A Midsummer Night’s Dream

Reviewer's Rating

A company celebrating it’s 15th year touring Shakespeare around the country’s stately homes and gardens, The Lord Chamberlain’s Men bring A Midsummer Night’s Dream both to life and to your door (if you happen to live in a stately home).

The particular stately home I watched at was Ham House and Gardens (which is a delight in itself – save for the constant hum of low flying jets). The interwoven story lines of lovers and actors lost in the forest were all played by an ensemble of just 7 men, and they were outnumbered at least 50 fold by their audience. Everyone arranged themselves in deck chairs, with picnics from home. Some of us (the lonely) read the programme, whilst others prelude the play with amateur dramatics of their own! This is the place to be if you like the sound of a picnic shopper listing all the types of cheese they have brought to others in their party. I once saw a Lord Chamberlain’s Men show which was book-ended by a speech from the lord of the manor, who had the cast awkwardly stand about as he misremembered all their names. The whole atmosphere takes the sting out of watching Shakespeare, which can be an intimidating prospect at times.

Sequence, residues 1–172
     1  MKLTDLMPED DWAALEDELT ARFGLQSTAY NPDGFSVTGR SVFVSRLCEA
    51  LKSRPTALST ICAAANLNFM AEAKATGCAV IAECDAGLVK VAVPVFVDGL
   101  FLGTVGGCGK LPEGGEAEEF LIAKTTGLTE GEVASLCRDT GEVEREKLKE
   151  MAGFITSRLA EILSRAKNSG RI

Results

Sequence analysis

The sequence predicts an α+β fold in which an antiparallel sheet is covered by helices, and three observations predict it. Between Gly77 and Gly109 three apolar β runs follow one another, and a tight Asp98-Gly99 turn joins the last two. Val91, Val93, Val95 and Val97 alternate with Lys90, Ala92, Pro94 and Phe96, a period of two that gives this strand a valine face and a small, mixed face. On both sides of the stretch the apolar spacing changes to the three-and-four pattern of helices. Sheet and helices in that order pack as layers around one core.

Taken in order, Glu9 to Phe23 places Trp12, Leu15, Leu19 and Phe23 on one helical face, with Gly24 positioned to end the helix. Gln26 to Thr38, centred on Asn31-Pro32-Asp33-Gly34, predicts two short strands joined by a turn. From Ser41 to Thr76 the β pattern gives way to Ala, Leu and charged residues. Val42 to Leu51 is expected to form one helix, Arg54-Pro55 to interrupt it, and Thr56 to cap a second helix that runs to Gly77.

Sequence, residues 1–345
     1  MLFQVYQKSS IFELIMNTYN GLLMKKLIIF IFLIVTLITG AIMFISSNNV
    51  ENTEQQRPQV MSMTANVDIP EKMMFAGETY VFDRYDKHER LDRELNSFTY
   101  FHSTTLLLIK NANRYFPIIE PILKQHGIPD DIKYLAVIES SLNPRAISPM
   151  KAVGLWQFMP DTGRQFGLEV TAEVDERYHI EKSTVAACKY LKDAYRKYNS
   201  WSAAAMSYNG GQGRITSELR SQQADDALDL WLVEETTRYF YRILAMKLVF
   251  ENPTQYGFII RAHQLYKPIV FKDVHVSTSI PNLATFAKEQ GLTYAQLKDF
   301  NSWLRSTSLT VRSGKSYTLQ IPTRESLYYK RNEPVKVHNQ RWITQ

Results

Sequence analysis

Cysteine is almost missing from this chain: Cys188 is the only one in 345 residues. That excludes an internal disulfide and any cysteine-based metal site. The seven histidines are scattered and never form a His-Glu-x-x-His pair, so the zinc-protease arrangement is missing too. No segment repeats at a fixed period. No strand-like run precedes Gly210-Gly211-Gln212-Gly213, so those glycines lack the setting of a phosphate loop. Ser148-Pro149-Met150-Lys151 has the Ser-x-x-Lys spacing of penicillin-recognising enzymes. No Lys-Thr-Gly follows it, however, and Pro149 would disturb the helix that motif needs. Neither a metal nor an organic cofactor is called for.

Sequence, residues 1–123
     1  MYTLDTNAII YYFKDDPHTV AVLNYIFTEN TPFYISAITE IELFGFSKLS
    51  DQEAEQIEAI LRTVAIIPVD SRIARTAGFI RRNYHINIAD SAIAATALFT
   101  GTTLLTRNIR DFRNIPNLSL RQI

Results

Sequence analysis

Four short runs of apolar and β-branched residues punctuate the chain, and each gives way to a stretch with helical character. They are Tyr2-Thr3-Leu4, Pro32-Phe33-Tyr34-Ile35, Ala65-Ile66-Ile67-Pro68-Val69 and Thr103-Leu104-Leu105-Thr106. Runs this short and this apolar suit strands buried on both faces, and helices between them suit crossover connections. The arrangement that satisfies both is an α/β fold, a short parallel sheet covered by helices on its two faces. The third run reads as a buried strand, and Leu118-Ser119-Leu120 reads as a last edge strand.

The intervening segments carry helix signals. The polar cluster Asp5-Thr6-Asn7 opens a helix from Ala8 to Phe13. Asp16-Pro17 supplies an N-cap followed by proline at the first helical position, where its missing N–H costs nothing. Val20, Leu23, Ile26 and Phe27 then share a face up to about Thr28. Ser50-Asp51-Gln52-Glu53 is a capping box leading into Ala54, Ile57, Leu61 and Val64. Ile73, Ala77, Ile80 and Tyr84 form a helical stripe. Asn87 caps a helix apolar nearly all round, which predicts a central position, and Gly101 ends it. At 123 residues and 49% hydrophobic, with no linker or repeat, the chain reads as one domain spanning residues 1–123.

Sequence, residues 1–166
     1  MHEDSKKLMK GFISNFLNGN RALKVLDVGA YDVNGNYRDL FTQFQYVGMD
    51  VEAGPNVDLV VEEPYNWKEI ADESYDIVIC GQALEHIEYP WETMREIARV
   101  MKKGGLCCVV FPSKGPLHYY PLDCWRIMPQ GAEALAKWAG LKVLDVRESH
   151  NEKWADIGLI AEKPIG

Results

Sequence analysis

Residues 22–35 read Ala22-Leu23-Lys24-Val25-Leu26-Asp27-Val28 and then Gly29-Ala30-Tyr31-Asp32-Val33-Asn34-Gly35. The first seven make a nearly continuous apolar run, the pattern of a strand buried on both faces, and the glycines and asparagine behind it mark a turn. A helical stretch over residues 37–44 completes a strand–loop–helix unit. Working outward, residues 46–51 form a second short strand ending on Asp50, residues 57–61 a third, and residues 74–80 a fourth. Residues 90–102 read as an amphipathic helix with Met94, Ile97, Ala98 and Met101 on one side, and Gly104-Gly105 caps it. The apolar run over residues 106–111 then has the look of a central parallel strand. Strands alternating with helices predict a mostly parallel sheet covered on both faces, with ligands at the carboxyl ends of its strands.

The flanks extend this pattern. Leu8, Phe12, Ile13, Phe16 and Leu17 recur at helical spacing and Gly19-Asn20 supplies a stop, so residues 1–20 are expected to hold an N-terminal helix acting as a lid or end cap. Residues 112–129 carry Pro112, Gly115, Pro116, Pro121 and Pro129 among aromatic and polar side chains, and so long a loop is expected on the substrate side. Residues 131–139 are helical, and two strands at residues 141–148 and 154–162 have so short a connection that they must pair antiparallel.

And yet, this is a straight up and down Shakespeare production. In a world where trimmings are the trend, The Lord Chamberlain’s Men are a refreshing reminder that theatre can be carried by it’s acting. For reasons as much down to the speed at which the company hares about the country night after night (hang around a mere 5 minutes after the curtain call and watch the set be thrown into the back of a van in it’s entirety), the minuscule cast stands on a set the size of a postage stamp. The only set change comes in the form of a central curtain occasionally opening and closing – a dull prospect perhaps, but it’s done in such a wonderfully rhythmical way that I found myself strangely entranced.

The only real bit of assistance the cast gets from the set is the placement of Puck and Oberon above the back wall. They are onlookers in the madness of their causing and it works beautifully well.

The play being done almost verbatim, I hasten to add, doesn’t spoil the comedy. The lines which are written as funny make you laugh without being updated. Where there would otherwise be tweaks and modernisations to the script, the actors are able to make perfect physical comedy (I’m thinking of one specific moment near the end of the play, which I won’t spoil, but I will admit made me rock back on my deck chair enough for it to start folding up on me).

I have been seeing the Lord Chamberlain’s Men on and off for most of their last 15 years, and A Midsummer Night’s Dream did not disappoint. The acting and directing were in equal measure spectacular and simple, and the jokes were funny. You can’t ask a lot more of Shakespeare than this. Go, enjoy, bring deck chairs and scotch eggs from home.